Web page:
Yet again, a powerful hurricane has devastated a Caribbean island. Earlier in September, it was Barbuda, Saint Barthélemy, and the Virgin Islands that took a direct hit from Irma. On September 19, category 5 Hurricane Maria battered Dominica. Now Puerto Rico has taken its turn.
While Maria weakened slightly before making landfall on September 20 in southeastern Puerto Rico, the storm’s track was a near worst-case scenario. It ripped directly across the island with sustained winds of 155 miles per hour (250 kilometers per hour). That made it the fifth strongest hurricane to ever hit the United States.
The composite image above shows Maria as it was making landfall near Yabucoa. Infrared (band 4) and visible data (band 1) from Geostationary Operational Environmental Satellite 13 (GOES-13) acquired at 6:15 a.m. local time (10:15 Universal Time) is overlaid on blue marble data from the Moderate Resolution Imaging Spectroradiometer (MODIS) and black marble data from the Visible Infrared Imaging Radiometer Suite (VIIRS). The series of GOES satellites are operated by the National Oceanic and Atmospheric Administration (NOAA), while NASA helps develop and launch them.
The second image is a thermal image captured by the MODIS on NASA’s Terra satellite. Colder clouds, which are generally higher in the atmosphere, are shown with white. Somewhat warmer, lower clouds appear purple. The image reveals a very well-defined eye surrounded by high clouds on all sides—an indication that the storm was very intense.
Preliminary reports suggest that the damage in Puerto Rico is widespread and severe. Electricity was out throughout the entire island. Powerful winds tore off roofs. Cell phone service is offline in many areas. Storm surges flooded many coastal towns and cities. Extreme rainfall rates—some areas reported 5 to 7 inches (13 to 18 centimeters) falling per hour—fueled destructive flash floods and landslides.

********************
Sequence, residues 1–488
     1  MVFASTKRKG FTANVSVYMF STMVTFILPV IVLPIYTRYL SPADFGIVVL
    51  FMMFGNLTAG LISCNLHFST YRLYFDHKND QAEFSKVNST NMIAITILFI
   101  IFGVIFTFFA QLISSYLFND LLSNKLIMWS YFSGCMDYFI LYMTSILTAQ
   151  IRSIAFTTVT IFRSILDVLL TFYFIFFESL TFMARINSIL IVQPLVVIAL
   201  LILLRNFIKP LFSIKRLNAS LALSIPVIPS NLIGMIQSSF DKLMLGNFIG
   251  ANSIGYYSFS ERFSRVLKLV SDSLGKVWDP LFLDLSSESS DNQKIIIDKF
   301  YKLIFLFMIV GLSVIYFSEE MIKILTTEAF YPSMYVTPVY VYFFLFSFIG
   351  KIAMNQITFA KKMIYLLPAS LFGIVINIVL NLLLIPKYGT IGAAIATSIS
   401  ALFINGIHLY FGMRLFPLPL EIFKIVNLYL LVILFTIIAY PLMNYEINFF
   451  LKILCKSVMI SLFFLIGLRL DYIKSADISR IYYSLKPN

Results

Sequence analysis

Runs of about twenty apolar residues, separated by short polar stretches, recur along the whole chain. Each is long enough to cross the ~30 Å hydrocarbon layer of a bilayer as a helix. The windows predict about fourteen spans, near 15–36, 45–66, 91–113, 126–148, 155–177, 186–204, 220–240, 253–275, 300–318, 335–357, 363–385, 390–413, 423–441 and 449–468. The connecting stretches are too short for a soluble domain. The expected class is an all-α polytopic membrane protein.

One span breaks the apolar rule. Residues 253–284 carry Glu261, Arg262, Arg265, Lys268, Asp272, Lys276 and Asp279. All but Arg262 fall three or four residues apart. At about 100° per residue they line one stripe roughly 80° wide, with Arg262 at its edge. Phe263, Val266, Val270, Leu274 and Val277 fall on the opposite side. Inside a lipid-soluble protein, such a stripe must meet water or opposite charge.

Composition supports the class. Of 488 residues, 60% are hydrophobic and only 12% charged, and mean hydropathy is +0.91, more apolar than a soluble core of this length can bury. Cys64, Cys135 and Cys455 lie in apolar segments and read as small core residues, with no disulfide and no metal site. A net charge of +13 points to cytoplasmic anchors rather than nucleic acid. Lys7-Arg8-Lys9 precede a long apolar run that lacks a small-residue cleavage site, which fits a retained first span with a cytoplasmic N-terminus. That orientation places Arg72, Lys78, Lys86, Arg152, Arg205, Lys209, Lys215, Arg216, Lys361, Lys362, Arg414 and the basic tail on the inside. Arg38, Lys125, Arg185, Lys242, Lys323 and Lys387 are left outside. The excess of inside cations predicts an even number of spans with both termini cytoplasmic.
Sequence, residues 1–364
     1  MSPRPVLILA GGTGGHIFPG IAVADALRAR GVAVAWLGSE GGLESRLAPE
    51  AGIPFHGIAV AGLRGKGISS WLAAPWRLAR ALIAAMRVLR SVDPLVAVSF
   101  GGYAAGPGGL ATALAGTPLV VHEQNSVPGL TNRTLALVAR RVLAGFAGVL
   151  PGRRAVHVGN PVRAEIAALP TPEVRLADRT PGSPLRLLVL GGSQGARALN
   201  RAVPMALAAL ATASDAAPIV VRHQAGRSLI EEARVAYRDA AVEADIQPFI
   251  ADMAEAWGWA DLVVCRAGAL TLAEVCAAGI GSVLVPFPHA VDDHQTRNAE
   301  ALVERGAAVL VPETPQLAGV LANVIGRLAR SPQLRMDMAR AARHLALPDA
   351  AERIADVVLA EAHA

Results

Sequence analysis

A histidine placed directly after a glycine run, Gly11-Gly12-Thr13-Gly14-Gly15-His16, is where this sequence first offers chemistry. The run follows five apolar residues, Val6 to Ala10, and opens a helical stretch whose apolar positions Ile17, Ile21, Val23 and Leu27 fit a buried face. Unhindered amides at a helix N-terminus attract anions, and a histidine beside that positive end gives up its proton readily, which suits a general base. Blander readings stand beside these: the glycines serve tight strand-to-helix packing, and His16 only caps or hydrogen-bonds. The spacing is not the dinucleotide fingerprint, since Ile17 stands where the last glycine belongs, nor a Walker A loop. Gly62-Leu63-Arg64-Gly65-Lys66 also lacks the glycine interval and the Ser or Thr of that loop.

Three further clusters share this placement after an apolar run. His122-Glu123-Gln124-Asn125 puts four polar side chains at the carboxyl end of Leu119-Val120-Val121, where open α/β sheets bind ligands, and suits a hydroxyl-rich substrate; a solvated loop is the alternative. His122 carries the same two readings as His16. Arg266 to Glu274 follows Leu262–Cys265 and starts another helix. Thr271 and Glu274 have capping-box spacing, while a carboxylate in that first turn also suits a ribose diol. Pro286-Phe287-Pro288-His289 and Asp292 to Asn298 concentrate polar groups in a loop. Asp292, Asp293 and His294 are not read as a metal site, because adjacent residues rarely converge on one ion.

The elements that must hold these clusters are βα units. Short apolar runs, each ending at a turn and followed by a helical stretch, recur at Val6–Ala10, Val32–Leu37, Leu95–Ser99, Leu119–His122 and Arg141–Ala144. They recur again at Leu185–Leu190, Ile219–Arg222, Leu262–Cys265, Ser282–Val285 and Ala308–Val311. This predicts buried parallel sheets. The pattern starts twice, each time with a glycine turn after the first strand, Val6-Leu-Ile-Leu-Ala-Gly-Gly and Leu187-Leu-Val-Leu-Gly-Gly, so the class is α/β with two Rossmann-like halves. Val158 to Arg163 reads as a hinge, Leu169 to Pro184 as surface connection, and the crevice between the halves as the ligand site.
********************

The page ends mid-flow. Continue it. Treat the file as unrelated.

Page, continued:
“The passage of the eye wall over 3,000-foot terrain must have resulted in incredible rainfall amounts—similar to Harvey but occurring in just a day,” said Stephen Munchak, a research meteorologist at NASA’s Goddard Space Flight Center.
“Remember that the entire island has been affected,” said Miguel Román, a member of NASA’s disasters response team. “It passed over and affected the entire island. Imagine if a hurricane started in Florida and ended up in Washington state. That’s what we’re dealing with here.”
NASA scientists will be monitoring the storm and gathering data from satellites and planes to assess the damage wrought by Maria. “Scientists are working with academic partners to leverage NASA, NOAA, and international satellite data helpful for identifying damage that results from Maria, including mapping of flood waters from synthetic aperture radar using Copernicus Sentinel data processed by the European Space Agency, flood water detections from Landsat 8, Aqua/Terra MODIS, and Suomi-NPP VIIRS,” said Andrew Molthan, also a member of NASA’s disasters group.
“It really does take a suite of active and passive remote sensing instruments to glean different kinds of data from hurricanes like Maria or other severe weather events,” said Amber Emory, also of Goddard. “There are incredible benefits of being able to watch one-minute rapid updates from GOES-R to see convective bursts and tropical overshooting tops, but in terms of being able to see “inside” of a hurricane, we do rely heavily on polar-orbiting satellites like the Global Precipitation Measurement (GPM) and CloudSat.”
NASA Earth Observatory images by Joshua Stevens, using data from the NASA-NOAA GOES project and LANCE/EOSDIS Rapid Response. Story by Adam Voiland.